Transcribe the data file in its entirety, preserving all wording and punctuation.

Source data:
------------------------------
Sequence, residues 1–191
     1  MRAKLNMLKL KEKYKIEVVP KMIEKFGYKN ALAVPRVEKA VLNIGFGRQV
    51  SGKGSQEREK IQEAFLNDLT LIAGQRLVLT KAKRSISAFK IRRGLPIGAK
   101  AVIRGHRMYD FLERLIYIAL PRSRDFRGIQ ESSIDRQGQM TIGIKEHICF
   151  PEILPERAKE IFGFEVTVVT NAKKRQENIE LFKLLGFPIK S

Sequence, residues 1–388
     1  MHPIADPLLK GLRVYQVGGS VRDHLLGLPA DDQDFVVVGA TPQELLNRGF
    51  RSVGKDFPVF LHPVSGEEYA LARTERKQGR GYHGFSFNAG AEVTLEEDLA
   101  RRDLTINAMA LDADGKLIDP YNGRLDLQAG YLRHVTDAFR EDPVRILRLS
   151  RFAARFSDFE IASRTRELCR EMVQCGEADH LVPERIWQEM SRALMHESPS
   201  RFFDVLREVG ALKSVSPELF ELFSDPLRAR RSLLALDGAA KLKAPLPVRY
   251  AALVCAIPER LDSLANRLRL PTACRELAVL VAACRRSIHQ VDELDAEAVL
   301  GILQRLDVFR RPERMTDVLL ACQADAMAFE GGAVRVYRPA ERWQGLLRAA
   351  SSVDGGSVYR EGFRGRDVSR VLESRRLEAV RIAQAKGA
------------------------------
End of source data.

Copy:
Sequence, residues 1–191
     1  MRAKLNMLKL KEKYKIEVVP KMIEKFGYKN ALAVPRVEKA VLNIGFGRQV
    51  SGKGSQEREK IQEAFLNDLT LIAGQRLVLT KAKRSISAFK IRRGLPIGAK
   101  AVIRGHRMYD FLERLIYIAL PRSRDFRGIQ ESSIDRQGQM TIGIKEHICF
   151  PEILPERAKE IFGFEVTVVT NAKKRQENIE LFKLLGFPIK S

Sequence, residues 1–388
     1  MHPIADPLLK GLRVYQVGGS VRDHLLGLPA DDQDFVVVGA TPQELLNRGF
    51  RSVGKDFPVF LHPVSGEEYA LARTERKQGR GYHGFSFNAG AEVTLEEDLA
   101  RRDLTINAMA LDADGKLIDP YNGRLDLQAG YLRHVTDAFR EDPVRILRLS
   151  RFAARFSDFE IASRTRELCR EMVQCGEADH LVPERIWQEM SRALMHESPS
   201  RFFDVLREVG ALKSVSPELF ELFSDPLRAR RSLLALDGAA KLKAPLPVRY
   251  AALVCAIPER LDSLANRLRL PTACRELAVL VAACRRSIHQ VDELDAEAVL
   301  GILQRLDVFR RPERMTDVLL ACQADAMAFE GGAVRVYRPA ERWQGLLRAA
   351  SSVDGGSVYR EGFRGRDVSR VLESRRLEAV RIAQAKGA